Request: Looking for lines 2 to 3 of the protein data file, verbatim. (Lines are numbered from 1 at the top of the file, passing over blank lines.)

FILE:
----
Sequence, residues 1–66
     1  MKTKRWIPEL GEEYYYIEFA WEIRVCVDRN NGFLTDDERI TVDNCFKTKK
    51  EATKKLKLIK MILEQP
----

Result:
     1  MKTKRWIPEL GEEYYYIEFA WEIRVCVDRN NGFLTDDERI TVDNCFKTKK
    51  EATKKLKLIK MILEQP